Maze, I. et al. Essential role of the histone methyltransferase G9a in cocaine-induced plasticity. Science 327, 213–216 (2010).
Anderson, E. M. et al. Knockdown of the histone di-methyltransferase G9a in nucleus accumbens shell decreases cocaine self-administration, stress-induced reinstatement, and anxiety. Neuropsychopharmacology 44, 1370–1376 (2019).
Avgustinova, A. et al. Loss of G9a preserves mutation patterns but increases chromatin accessibility, genomic instability and aggressiveness in skin tumours. Nat. Cell Biol. 20, 1400–1409 (2018).
Rowbotham, S. P. et al. H3K9 methyltransferases and demethylases control lung tumor-propagating cells and lung cancer progression. Nat. Commun. 9, 4559 (2018).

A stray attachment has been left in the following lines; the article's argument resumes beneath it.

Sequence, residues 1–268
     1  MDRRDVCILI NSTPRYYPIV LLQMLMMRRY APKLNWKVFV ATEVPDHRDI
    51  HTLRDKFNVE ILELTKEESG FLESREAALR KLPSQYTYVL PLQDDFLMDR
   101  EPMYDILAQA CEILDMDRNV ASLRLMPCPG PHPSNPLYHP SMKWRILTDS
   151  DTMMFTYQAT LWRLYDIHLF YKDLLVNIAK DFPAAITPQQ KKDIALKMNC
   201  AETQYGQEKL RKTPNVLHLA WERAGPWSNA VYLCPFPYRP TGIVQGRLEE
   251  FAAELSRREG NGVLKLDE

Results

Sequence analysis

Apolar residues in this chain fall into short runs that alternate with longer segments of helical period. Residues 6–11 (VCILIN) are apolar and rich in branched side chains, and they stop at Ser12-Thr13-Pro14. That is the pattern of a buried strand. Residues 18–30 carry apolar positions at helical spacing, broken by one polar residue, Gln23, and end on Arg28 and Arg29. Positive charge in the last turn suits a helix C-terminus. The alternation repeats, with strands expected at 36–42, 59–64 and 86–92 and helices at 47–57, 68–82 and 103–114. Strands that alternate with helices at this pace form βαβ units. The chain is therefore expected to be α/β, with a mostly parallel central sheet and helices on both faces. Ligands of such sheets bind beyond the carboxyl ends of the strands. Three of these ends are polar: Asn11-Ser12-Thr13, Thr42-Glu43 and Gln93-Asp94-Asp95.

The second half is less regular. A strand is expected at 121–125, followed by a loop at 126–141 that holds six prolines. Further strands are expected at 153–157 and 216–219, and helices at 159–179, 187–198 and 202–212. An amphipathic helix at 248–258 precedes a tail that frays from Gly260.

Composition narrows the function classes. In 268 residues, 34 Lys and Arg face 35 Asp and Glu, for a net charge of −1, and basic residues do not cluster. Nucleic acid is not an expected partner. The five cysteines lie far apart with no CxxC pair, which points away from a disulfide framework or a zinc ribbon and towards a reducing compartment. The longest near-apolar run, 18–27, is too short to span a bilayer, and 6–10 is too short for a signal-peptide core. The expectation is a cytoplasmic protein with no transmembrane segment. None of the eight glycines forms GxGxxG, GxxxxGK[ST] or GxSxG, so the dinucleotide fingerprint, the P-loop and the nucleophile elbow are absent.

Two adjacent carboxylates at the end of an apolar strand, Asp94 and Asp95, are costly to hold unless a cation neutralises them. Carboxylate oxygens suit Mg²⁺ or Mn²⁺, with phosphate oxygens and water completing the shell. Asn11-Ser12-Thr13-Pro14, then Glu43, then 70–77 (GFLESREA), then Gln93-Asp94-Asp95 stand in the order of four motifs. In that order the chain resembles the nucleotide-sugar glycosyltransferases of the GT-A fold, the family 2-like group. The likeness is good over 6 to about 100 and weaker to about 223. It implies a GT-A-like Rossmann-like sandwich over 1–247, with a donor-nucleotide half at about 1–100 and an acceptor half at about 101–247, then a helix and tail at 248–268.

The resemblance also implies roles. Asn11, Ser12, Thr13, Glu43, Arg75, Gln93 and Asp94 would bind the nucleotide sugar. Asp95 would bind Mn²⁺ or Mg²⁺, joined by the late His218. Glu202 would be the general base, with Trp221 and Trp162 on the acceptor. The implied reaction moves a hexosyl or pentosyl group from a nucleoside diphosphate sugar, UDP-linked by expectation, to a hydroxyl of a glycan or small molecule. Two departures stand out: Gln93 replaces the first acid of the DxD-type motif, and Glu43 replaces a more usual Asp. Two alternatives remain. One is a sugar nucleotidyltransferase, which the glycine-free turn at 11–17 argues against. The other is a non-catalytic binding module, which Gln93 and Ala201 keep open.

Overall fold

Kubicek, S. et al. Reversal of H3K9me2 by a small-molecule inhibitor for the G9a histone methyltransferase. Mol. Cell 25, 473–481 (2007). This study provides the first example of a substrate-competitive, selective lysine methyltransferase inhibitor.
Dong, C. et al. G9a interacts with Snail and is critical for Snail-mediated E-cadherin repression in human breast cancer. J. Clin. Invest. 122, 1469–1486 (2012).
Chang, Y. et al. Structural basis for G9a-like protein lysine methyltransferase inhibition by BIX-01294. Nat. Struct. Mol. Biol. 16, 312–317 (2009).
Vedadi, M. et al. A chemical probe selectively inhibits G9a and GLP methyltransferase activity in cells. Nat. Chem. Biol. 7, 566–574 (2011). This study provided the first example of a selective, cellular chemical probe of G9a/GLP.
Liu, F. et al. Discovery of an in vivo chemical probe of the lysine methyltransferases G9a and GLP. J. Med. Chem. 56, 8931–8942 (2013).